Lauren Bacall daughter

Lauren Bacall with her daughter in Paris, 1968

 Lauren Bacall’s Watercress Soup

(Potage Cressonière)

Show business legend Lauren Bacall contributed this recipe to a mid-1960s cookbook.  Here is what she wrote:

“This recipe has been chosen by me as a favorite recipe for the simple, logical reason that I had it for the first time on my first trip to the most beautiful city in the world, Paris.  It was a happy time, as it always is in Paris, so I pass this on hoping that a flavor of the city of the chestnut trees will be felt by all who have Potage Cressonière.”



1 lb potatoes

1 teaspoon salt

1 1/2 pints milk

one bunch of watercress

1 oz. butter

Serves six to eight



Peel the potatoes, quarter them, and boil them in salted water until tender.  Drain, crush them with a potato-masher, and when free from all lumps add the boiling milk and salt.  While the potatoes are cooking, wash and pick the leaves off the watercress and chop roughly.  Add to the soup and cook for 5-6 minutes.  Take off the fire and add the butter.  Pour into a hot tureen and serve.


More Lauren Bacall:

Lauren Bacall’s “Hearts, Not Diamonds” from the 1981 Slasher Musical The Fan

More soup:

Eating With the Stars: Rihanna’s Spicy Bajan Chicken Soup

Eating With the Stars: Bea Arthur’s Cream of Carrot Soup

Eating With The Stars: Liberace’s Meatball Soup

Bing Crosby microphone

Bing Crosby was, perhaps, the first multi-media superstar: radio, recordings, live performances, and film.  Crosby was an Oscar-winning actor and the top-selling recording artist of the first half of the 20th-century.  Despite all these accomplishments (and many more), he is only appreciated by a cult audience today, generally fans of early vocal jazz music and TCM junkies like myself.  Because he was the greatest star of radio and recordings, two mediums that used microphones for the first time, he essentially created contemporary singing, inventing the concept of the “crooner” by taking advantage of the intimacy created by amplification. Crosby created a bridge in popular culture from the declamatory post-Vaudeville belting style of Al Jolson to the mid-century Frank Sinatra phenomenon. In this sense, everyone from Elvis Presley to Justin Timberlake is standing on Bing Crosby’s shoulders.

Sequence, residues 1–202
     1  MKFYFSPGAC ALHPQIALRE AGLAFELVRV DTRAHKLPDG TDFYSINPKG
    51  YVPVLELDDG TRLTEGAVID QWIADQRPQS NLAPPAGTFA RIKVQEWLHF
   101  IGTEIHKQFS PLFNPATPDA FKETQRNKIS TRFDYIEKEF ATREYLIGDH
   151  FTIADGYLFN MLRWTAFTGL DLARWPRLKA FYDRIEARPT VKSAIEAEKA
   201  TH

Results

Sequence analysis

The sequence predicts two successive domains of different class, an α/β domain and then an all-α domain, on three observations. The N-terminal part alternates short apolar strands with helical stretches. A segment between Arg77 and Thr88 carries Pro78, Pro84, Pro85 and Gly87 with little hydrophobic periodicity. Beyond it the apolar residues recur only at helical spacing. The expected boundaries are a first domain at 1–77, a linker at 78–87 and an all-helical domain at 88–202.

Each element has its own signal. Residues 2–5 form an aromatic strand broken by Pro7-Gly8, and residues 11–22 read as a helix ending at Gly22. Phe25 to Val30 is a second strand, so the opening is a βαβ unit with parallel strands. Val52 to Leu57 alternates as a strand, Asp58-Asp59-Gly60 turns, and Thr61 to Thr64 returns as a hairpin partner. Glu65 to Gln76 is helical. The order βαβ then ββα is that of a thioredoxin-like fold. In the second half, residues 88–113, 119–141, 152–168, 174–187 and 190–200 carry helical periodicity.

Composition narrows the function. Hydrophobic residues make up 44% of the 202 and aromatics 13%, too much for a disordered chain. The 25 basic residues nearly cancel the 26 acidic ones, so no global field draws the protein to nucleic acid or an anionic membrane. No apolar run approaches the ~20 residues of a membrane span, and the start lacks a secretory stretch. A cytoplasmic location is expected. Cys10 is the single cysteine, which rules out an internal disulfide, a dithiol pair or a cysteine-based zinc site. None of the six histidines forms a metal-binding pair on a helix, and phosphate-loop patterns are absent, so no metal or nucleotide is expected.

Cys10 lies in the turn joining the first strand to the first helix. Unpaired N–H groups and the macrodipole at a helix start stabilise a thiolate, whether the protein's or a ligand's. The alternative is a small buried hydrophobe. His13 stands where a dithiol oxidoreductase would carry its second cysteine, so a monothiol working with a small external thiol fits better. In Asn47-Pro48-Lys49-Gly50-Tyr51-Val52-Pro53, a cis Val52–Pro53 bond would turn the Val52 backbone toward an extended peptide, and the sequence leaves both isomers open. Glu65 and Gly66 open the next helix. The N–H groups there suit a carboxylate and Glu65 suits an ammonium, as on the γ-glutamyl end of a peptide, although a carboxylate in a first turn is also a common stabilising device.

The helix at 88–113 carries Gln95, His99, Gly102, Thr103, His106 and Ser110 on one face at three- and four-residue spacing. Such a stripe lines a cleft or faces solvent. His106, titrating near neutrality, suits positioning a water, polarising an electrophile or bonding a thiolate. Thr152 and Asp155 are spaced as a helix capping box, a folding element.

For those who remember him only as an older man, perhaps singing a duet of “Little Drummer Boy” with David Bowie, attired in his trademark cardigan and hat, it may be a surprise to learn how hip he was.  As you will see in this clip with Louis Armstrong singing Cole Porter’s “Now You Has Jazz ” from High Society (1956), Crosby was a pop vocalist who felt completely comfortable surrounded by jazz players.

After the jump, Stargayzing shares Bing’s list of the 10 Greatest Performers of All Time.


Tuesday, November 18th, 2014

Quote of the Day: Sophia Loren

Sophia Loren red dress

“Every time I have wanted something badly, I have had to wait.  But eventually it came.  I’ve been lucky of course, but I worked hard to change from an ignorant unattractive peasant into a real actress.  Nobody will ever know how determined I was.”

- from Rex Reed’s Valentines and Vitriol, 1977

More Sophia Loren:

30 Stars of Hollywood’s Golden Era Who Are Still Alive